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This page provides an overview of my teaching, including course outlines, pedagogy, teaching aids, and student evaluations, developed at the Department of Political Science at the University of Victoria.

Course Outlines

The following two courses are based on my research. The first is a theory course on violence and nonviolence in political thought (“Centralized Force and Nonviolent Resistance”) and the second course examines case studies of unarmed struggle in the Middle East (“Civil Resistance in the Middle East”). I have taught variations of each three times. Here are the most recent:


Statement of Teaching Philosophy

My pedagogy makes complex and often controversial course material accessible to a wide range of students, as indicated by exceedingly positive student evaluations (summarized below and available in full upon request). As an educator, I insist that the classroom is a safe space for students and perspectives of all kinds, because respectful dialogue is often a precondition for an open mind. Yet learning also requires challenging our assumptions, tolerating argument and opposition, and, sometimes, becoming unsettled.

My lectures are supplemented with multimedia and open discussion. I typically begin by speaking to the day’s topics, often with PowerPoint presentations, sometimes using photos from my fieldwork, as well as diverse Internet resources, including Google Images, TED talks, and academic events posted online. When texts require careful reading, such as classics of theory, I find students more engaged when I project annotated copies onto the big screen for discussion, rather than reading and talking from behind a book. To demystify abstract ideas and familiarize far-away problems, I offer relatable examples and analogies. To stimulate thought and discussion, I implicate topical political issues, draw on news stories, and pose ‘devil’s advocate’ questions. To encourage students to work through opposing viewpoints, I juxtapose contrary arguments. For example, in teaching about power and conflict, I couple the arguments of Gandhi with Machiavelli, or Gene Sharp with Thomas Hobbes. I also think it is important to emphasize to students that sometimes identifying problems and questions can be just as important, if not more so, than arriving at solutions and answers.

Forthrightness about my own relation to the course material also fosters student engagement. For pedagogical and ethical reasons, I explicitly identify my situatedness with the subject matter. As a white Christian male with a Canadian passport, I have more rights and freedom than most people in the world. As a privileged citizen of a settler-colonial state, I bear responsibility to be sensitive to power imbalances, at home and abroad, and to insist on equitable rights and freedoms for all people, especially those who are disadvantaged in part because of the policies of our own government. I have found that encouraging students to reflect on their own position in social structures and historical processes is a good first step on the path of critical thinking. I have inherited this ethos from the University of Victoria and Centre for Global Studies, where, for example, there is a vibrant Indigenous presence and public events begin with recognition of the land rights of Coast and Straits Salish First Peoples. These critical pedagogical practices are also informed by years of mentorship with James Tully, whose ethical approach to global citizenship and public philosophy continue to inspire my thought and action.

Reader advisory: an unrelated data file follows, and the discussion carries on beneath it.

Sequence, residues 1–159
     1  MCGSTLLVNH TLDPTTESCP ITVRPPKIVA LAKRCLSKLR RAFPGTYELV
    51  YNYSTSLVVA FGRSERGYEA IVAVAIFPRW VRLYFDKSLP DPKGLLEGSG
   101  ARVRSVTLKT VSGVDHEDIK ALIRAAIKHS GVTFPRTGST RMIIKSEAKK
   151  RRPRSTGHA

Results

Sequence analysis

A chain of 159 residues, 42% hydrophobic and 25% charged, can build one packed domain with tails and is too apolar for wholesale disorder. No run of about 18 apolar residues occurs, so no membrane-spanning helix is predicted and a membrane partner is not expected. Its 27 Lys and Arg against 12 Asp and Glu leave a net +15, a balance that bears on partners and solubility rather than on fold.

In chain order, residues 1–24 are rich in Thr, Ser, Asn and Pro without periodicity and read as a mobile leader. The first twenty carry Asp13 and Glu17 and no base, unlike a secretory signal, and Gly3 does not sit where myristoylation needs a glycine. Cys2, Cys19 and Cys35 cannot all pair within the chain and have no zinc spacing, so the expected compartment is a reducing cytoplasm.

I have been developing my skills as an educator since before my first sessional appointment. Between 2010 and 2016, I was a teaching assistant for several different professors at the University of Victoria, during which time I learned to connect and engage with undergraduate students on a wide variety of academic topics. Earlier, I spent more than a year from March 2009 through May 2010 teaching English as a second language to a diverse spectrum of student groups, from South Korea to Palestine, from children to adults, from basic English to critical thinking in English, from private schools in Seoul (Plus Academy) to Palestinian refugee camps (Balata, Project Hope). These wide-ranging experiences contribute to my ongoing development as an effective, dynamic, and adaptable teacher.

Sample teaching aid

Writing Social Science Papers: Expectations and Guidelines

Student Evaluations

Summary of student evaluations (complete reports available upon request)


See also, my CV / Resume  (PDF).